The foggy streets of London are being stalked by a serial killer, responsible for “a series of the most atrocious murders since Jack The Ripper.” The killer’s macabre modus operandi involves the removal of the right forefinger of his female victims. The police are baffled and hope that Sherlock Holmes can catch the perpetrator, before another woman meets an untimely death.
The final film in the series to be written by Bertram Millhauser (responsible for the likes of The Spider Woman and The Pearl Of Death) The Woman in Green is a suitably mysterious and involving case for Holmes and Watson. Proceedings begin in a rather different tone from the rest of the series. A voiceover from what turns out to be the officer on the case, Inspector Gregson, gives the impression that this is a noirish detective film. Once Holmes arrives things settle into the familiar and effective formula but the presence of the Woman in Green with her femme fatale like qualities further echoes the film noir genre.
Running parallel to the narrative of Holmes’ investigations is the problem facing Sir George Fenwick. Waking up in a cheap boarding house near to the most recent murder he finds something unexpected in his jacket pocket and returns to his last remembered location, the abode of one Lydia Marlowe. Soon enough Holmes becomes involved in the activities of both Sir George and his female friend and it is not long before he realises that a criminal mastermind is at work. None other than that napoleon of crime, Professor Moriarty.
Holmes’ ultimate adversary has been given far greater prominence on the silver screen than he ever had in Doyle’s original stories. Used by Doyle as a way of giving Holmes a (not so) final send-off in The Final Problem filmmakers have revived him on many occasions to great effect. His inclusion in The Woman in Green gives the case a far more personal and dangerous edge for the crimefighter. Henry Daniell gets the chance to portray him, having made previous appearances in Universal’s Holmes’ films as various characters, and he does a good job. His interpretation is of a cold, calculating individual who gives the impression that he sets himself above the rest of mankind, detached from civil society and its rules and regulations. An entertaining performance although not quite as definitive as that of George Zucco.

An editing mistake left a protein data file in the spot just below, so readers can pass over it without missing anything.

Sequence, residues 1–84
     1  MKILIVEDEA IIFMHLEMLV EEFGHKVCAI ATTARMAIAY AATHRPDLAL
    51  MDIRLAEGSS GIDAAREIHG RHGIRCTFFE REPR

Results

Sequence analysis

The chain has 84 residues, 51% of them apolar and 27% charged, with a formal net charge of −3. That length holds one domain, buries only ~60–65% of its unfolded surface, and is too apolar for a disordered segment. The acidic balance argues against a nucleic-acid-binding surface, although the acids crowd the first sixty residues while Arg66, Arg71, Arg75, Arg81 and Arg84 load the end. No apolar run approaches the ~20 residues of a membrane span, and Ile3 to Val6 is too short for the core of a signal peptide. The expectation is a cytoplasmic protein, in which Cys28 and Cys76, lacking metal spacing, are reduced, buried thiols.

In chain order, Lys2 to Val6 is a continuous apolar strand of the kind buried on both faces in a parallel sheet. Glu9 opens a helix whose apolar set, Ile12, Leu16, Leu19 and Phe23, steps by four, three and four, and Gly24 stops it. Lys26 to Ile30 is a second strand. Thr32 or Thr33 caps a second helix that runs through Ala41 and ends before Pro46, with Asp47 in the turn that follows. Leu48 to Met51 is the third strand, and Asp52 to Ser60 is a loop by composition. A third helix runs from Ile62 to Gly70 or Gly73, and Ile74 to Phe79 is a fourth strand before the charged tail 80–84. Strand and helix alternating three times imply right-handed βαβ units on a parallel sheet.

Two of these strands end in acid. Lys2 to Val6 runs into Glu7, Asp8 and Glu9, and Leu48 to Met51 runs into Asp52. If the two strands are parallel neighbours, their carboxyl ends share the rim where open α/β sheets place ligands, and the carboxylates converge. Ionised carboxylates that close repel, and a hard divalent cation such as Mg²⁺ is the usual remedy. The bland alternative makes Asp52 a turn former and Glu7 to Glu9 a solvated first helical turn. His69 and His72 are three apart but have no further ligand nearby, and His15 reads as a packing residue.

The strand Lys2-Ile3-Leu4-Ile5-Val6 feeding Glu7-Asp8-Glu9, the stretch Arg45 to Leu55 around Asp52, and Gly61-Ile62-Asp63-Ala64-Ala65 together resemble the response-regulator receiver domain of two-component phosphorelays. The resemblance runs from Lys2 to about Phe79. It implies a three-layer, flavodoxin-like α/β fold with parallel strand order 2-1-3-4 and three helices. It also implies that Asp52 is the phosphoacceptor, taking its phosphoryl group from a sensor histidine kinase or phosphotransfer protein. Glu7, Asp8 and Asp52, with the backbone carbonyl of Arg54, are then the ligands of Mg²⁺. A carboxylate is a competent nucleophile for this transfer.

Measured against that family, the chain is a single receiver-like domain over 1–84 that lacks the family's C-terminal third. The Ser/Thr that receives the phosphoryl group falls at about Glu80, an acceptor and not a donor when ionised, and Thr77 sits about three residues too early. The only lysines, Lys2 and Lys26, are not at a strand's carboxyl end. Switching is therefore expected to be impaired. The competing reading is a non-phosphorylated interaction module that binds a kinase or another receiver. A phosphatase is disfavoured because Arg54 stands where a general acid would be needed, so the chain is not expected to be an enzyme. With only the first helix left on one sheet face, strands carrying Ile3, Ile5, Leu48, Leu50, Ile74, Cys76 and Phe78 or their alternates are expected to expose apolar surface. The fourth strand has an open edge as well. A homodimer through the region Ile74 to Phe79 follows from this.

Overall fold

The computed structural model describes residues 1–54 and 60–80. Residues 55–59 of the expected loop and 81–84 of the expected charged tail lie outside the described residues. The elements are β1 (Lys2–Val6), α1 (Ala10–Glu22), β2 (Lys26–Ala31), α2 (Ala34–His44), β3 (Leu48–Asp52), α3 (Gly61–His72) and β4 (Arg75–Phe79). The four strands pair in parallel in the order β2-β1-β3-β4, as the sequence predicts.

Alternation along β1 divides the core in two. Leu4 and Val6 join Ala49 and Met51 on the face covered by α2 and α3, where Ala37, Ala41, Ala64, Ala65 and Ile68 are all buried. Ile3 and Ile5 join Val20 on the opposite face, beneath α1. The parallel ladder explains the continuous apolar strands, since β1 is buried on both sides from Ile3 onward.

Although the plot has nothing in common with the stories of Doyle (apart from one scene which will be familiar to those that have read The Adventure of the Empty House) it maintains an authentic atmosphere. The script gives Basil Rathbone plenty to do, whether it is revealing the minutiae of a murder at the crime scene, explaining to a bumbling Watson the traits of a female client by a cursory observation from his window, or engaging in taunting verbal exchanges with his arch nemesis. It goes without saying that his performance is reliably assured. Nigel Bruce, the perfect counterpoint to Rathbone, also gets the chance to play to his strengths, providing some entertaining comic relief, most memorably when the duo’s investigations take them to The Mesmer Club.
The Woman in Green (a rather odd title for a black and white film) is an enjoyable adventure for fans of the pipe-smoking detective. From the off it is an intriguing mystery with a satisfyingly elaborate resolution which places Holmes in a perilous predicament. The good news is that Holmes lives to see another day. The bad news is that his next case would be the rather lacklustre Pursuit To Algiers.